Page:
Mind game courses aimed at public sector workers


The Times/July 22, 1992
By Ray Clancy

Strathclyde Regional Council, Britain's biggest local authority, was approached informally by followers of Werner Erhard about training programmes for staff after at least three councillors had attended courses. A number of other councils have also been contacted.

The approach to Strathclyde comes at a time when there is concern about consultants offering management and staff training courses that are conducted by people who have no medical training in psychiatry.

Frank Pignatelli, director of education at Strathclyde, was invited by a councillor to an introductory session organised by Landmark Education, a London group connected with Erhard, held at the Lorne Hotel, Glasgow.

He was so appalled by the meeting, which included a lot of hugging, that he warned his staff that the group was working through councillors who had attended courses to seek further recruits. He described their opinions as ''alien to the Scottish culture''. The council has been conducting an investigation. ''I felt severely sceptical and cynical,'' Mr Pignatelli told his colleagues.

Attempts by Landmark Education and other groups offering similar courses to move into the public sector are taking place amid growing concern at the effects on some professionals who have been to corporate or individual seminars.

The Times has spoken to several people who have suffered ill effects and to their families and friends. Many are reluctant to discuss their experiences and those examples we quote have asked us to change their names.

Anne, 32, is suing her former employer for personal injury after she suffered a nervous breakdown as a result of a four-day course organised by outside consultants. She has also issued writs against the consultants.

She had recently been appointed personnel manager in charge of a large department when she was sent with 11 colleagues to a management training seminar at a country house hotel in the Cotswolds. ''I was told I had to attend the course but was not given any specific details as to what it would entail. No information was made available about the structure or what we were going to study.''

From the outset she was unhappy about the woman running the course whom she describes as ''dominant and aggressive''. The woman told Anne that she did not believe in the concept of God and that she ''had no God''.

''I thought this was a pretty weird way of looking at things. When, during the course, she talked about the empowered person I realised that the course was not following traditional business lines.''

Phrases like ''freedom from shoulds, orientation to workability'' were used and graphs illustrated with mystical style circles and crystals. ''I underwent three days of subtle criticism which culminated in me being subjected to bullying in front of the whole group,'' Anne said.

She found herself the odd one out. Psychiatrists say that, because humans thrive on a ''sheep mentality'' where we like to follow others, it is difficult to resist when you are the odd one out.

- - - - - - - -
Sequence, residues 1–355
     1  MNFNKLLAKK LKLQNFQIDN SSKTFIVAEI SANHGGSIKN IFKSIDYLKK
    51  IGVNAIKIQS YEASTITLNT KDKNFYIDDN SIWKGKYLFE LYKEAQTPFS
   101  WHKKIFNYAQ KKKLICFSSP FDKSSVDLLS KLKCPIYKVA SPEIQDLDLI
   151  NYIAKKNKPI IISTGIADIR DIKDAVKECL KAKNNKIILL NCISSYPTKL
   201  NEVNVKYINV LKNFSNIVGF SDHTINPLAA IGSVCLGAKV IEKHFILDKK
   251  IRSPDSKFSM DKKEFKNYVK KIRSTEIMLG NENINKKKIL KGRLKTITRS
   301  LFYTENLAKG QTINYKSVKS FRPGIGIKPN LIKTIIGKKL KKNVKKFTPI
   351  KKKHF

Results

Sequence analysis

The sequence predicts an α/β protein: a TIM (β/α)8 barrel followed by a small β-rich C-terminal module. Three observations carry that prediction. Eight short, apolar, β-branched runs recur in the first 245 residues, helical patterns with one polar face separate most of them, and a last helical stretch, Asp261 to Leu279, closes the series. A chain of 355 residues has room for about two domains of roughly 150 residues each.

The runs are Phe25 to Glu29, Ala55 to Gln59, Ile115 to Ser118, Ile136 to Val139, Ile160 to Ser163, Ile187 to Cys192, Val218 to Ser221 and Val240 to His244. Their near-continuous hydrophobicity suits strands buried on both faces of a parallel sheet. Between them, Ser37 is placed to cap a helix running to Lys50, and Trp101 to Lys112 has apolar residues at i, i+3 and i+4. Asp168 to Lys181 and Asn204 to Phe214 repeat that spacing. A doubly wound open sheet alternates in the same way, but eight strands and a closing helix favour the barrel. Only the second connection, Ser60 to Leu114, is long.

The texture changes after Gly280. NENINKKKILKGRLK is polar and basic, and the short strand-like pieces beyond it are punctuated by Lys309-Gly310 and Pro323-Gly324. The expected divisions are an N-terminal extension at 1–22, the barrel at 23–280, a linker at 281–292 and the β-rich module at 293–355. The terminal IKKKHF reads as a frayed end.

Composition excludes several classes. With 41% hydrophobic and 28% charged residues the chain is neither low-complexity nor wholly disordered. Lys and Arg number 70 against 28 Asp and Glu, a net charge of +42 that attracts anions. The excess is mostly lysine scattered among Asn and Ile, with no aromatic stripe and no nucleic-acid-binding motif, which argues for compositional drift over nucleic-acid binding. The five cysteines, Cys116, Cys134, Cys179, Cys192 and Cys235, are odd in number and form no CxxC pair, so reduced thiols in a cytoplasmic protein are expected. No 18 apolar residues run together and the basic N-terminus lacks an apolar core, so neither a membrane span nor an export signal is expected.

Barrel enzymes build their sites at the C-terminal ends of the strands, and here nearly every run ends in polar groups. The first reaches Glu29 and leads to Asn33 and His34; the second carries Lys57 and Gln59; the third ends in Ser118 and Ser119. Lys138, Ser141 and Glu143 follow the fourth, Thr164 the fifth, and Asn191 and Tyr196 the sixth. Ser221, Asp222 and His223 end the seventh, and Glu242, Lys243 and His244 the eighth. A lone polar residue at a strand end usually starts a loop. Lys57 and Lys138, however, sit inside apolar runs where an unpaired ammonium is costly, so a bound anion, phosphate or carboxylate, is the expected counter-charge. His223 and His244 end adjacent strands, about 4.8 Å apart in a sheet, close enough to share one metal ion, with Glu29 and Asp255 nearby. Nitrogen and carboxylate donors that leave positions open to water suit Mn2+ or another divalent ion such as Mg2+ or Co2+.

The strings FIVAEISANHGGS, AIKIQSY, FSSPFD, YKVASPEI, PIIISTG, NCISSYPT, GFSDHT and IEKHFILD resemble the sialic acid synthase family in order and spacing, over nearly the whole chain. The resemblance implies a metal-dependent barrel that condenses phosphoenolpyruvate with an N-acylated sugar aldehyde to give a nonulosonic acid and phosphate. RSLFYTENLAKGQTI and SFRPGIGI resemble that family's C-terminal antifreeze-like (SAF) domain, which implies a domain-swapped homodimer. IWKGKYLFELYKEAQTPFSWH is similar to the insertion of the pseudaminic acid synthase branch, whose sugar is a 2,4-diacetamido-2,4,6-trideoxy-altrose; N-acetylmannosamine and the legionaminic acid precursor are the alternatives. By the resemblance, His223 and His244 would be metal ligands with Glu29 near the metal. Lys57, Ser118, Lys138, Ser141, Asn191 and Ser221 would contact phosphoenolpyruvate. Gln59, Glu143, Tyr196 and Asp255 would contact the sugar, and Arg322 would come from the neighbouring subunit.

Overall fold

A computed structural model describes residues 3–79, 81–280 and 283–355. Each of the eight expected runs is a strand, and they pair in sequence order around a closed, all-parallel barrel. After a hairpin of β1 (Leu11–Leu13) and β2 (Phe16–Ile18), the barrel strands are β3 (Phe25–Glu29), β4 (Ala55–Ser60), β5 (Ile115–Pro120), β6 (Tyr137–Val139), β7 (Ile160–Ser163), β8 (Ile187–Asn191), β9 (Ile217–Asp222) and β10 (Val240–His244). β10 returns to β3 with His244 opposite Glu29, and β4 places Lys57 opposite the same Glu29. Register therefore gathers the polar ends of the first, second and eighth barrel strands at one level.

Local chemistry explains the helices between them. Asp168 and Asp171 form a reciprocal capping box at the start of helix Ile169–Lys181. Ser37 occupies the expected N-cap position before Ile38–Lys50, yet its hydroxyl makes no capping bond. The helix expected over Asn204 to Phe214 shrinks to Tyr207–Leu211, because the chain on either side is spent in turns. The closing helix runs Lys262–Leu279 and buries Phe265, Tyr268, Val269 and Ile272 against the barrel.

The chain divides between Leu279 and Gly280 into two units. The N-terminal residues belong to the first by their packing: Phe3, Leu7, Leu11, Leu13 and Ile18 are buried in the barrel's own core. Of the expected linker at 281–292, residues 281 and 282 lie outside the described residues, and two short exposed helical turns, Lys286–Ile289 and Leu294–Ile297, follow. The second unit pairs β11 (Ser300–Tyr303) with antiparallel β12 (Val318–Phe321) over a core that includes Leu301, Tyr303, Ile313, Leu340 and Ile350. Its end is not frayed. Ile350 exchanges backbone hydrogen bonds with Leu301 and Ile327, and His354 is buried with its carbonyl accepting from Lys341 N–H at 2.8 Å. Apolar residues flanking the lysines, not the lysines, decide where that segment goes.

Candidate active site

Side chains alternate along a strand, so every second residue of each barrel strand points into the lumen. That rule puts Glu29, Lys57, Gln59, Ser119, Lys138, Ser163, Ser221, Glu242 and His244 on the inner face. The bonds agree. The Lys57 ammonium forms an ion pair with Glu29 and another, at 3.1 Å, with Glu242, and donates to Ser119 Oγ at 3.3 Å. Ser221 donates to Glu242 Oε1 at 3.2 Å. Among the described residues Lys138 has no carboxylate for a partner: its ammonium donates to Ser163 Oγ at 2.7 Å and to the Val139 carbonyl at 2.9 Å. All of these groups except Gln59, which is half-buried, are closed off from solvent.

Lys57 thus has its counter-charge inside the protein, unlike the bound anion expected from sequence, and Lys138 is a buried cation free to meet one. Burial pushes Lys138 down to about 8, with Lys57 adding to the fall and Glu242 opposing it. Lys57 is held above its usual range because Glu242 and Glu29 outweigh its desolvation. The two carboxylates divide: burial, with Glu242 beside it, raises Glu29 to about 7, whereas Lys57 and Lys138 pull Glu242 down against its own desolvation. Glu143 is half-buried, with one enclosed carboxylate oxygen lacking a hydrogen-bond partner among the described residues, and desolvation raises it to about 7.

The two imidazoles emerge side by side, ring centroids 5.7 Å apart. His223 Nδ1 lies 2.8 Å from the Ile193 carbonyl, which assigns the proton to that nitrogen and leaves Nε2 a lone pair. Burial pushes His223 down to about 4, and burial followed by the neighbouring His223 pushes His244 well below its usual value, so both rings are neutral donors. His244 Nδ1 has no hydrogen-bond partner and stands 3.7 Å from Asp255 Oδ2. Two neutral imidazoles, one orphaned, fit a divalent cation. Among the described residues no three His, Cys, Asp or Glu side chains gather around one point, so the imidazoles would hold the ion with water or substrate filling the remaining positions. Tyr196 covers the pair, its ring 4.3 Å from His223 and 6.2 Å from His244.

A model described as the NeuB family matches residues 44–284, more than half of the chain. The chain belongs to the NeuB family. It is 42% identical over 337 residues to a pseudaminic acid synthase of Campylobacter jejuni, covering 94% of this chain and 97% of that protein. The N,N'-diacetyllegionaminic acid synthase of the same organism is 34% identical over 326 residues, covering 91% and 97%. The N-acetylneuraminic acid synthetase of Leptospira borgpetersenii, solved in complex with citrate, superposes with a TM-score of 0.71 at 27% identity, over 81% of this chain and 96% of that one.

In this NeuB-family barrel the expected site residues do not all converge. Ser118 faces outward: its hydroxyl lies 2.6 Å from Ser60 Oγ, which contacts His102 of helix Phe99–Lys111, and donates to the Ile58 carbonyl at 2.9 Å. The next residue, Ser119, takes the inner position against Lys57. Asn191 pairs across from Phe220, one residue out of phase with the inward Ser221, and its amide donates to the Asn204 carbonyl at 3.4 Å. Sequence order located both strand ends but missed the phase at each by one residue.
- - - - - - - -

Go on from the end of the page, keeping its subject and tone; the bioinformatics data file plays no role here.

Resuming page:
''It was dangerous and damaging. I was being shouted at, told I was unfit to do my job. I was taken to one side and counselled by the woman running the course. She even got me to agree to leave my job. The next morning I vomited, I was in a terrible state. I now realised that I left that course in a state of partial breakdown and it has wiped out four years of my life.''

Anne told her senior manager about what happened on the course. He told her there was a second part four months later but she refused to attend. ''I had been subjected to four days of engineered stress and amateur psychology. I was not going to put my self through anymore.'' Later she was asked to resign. ''My boss said to me 'at least you won't have to go on the second course' but I felt free, I left and walked into the fresh air.''

Anne visited her GP who diagnosed severe depression. She took another job but left after ten days because she found herself unable to cope. ''Everyday when I arrived at work the course just came back at me.'' Her doctor recommended therapy and she was refered to a psychiatrist. ''I took up cross stitch embroidery with a vengeance just to occupy my mind without stressing it.''

Anne then went back to her former employers to ask for help in paying her therapy fees. They offered Pounds 500 but she refused the payment and is taking legal action instead. It will be a test case.

Charles, 26, who attended a self-improvement course, has found that his work as an accountant has been severely affected. Three days and one evening session of The Forum, run by Landmark Education, left him questioning everything in his life including his relationship with his wife and his work.

''When I had finished The Forum I felt as high as a kite. But when my wife asked me what I had learnt I could not be specific. I felt I had been born again. I had promised not to talk about the course except in the context of persuading others to sign up so it was difficult to have a normal conversation,'' he said.

Melanie, his wife, was horrified. ''My husband was not my husband anymore. He kept talking about the power of the being, living in the stands and getting in and getting out of it. It was really weird. When I tried to ask him what he meant by these words he could not explain. He also found it difficult to make decisions and he keeps changing his mind all the time. He seems to be questioning our relationship.''

Charles agrees he has difficulty making decisions. He has even considered going back and doing another course because ''it might help me. Everything is so difficult at the moment. I cannot make sense of my life.''

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